Using a Notary Seal Impression Inker on an Embossed Document

As a notary, you are not just a public servant, but you are also a professional and, as such, will want to take pride in your work. There are times when you may wish to give an added flair or enhancement to the document you are notarizing.

Using a notary seal metal embosser seal in addition to your notary stamp (self-inking) will add just the boost you are looking for to the document's appearance. Indeed, many document recipients will request the use of the metal embosser; it gives the document a real look of originality and authenticity. The metal embosser makes the raised impressions on a notarized document containing the notary's information. However, if this original document must be reproduced or sent to other recipients via fax, most often the raised notary seal impression will not be clearly seen on the photocopied or faxed duplicates.

In order to make the raised impression photographically reproducible, it is prudent to use an embosser impression inker or seal impression inker on the raised impression. The notary will sign and stamp the document as usual after completing the notary certificate. Then the page is placed between the two clamps of the metal embosser and squeezed so that the raised impression is applied.

The seal impression inker will have the same configuration and dimensions of the circular metal embosser clamp. Carefully place the impression inker over the raised impression and apply pressure. Instantly the writing becomes darkened and thus more visible. The document may now be sent through a fax machine, scanner, or photocopier to produce copies on which the raised impression wording is clearly visible.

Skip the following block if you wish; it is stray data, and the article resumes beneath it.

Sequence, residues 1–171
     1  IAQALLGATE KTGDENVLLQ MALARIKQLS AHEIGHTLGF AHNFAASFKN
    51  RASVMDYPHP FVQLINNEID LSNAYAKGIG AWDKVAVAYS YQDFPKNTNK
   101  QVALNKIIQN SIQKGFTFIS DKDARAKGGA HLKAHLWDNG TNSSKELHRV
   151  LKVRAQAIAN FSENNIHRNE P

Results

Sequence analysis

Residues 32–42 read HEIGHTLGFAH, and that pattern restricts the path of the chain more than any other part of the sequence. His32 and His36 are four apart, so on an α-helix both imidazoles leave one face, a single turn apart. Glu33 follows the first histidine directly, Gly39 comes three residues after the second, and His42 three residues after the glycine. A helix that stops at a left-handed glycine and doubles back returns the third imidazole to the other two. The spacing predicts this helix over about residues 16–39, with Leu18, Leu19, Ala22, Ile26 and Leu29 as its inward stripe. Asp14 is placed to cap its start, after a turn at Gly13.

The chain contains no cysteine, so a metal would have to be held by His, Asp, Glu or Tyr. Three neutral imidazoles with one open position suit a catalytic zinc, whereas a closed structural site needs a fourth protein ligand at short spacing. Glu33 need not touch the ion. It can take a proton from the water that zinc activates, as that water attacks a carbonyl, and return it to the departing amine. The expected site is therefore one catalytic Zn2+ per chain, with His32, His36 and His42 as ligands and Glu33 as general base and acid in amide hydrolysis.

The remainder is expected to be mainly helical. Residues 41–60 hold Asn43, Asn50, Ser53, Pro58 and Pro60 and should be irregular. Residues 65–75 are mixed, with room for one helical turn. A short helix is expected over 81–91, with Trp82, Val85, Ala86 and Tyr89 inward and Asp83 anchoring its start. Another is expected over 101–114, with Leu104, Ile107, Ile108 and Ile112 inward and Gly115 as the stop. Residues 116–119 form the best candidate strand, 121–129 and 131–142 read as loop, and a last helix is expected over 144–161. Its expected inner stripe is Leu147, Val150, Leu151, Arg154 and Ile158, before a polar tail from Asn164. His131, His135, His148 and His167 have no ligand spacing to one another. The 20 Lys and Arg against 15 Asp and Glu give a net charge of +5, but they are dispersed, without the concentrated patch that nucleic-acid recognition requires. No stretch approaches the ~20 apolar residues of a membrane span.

This extra step should be taken on all documents upon which an embosser has been used. Visit the American Association of Notaries website at to purchase your notary seal metal embosser and your seal impression inker, notary stamps, and notary supplies all in one place and at a reasonable price.


Legal disclaimer: The American Association of Notaries seeks to provide timely articles for notaries to assist them with information and ideas for managing their notary businesses, enhancing their notary educations, and securing their notary supplies but makes no claims, promises, or guarantees about the accuracy, completeness, or adequacy of the information contained . Information in this article is not intended as legal advice. We are not attorneys. We do not pretend to be attorneys. Though we will sometimes provide information regarding federal laws and statutes and the laws and statutes of each state, we have gathered the information from a variety of sources. We do not warrant the information gathered from those sources. It is your responsibility to know the appropriate laws governing your state. Notaries are advised to seek the advice of an attorney in their state if they have legal questions about how to notarize.

Notary bonds and errors and omissions insurance policies provided by this insurance agency, American Association of Notaries, Inc., are underwritten by Western Surety Company, Universal Surety of America, or Surety Bonding Company of America, which are subsidiaries of CNA Surety.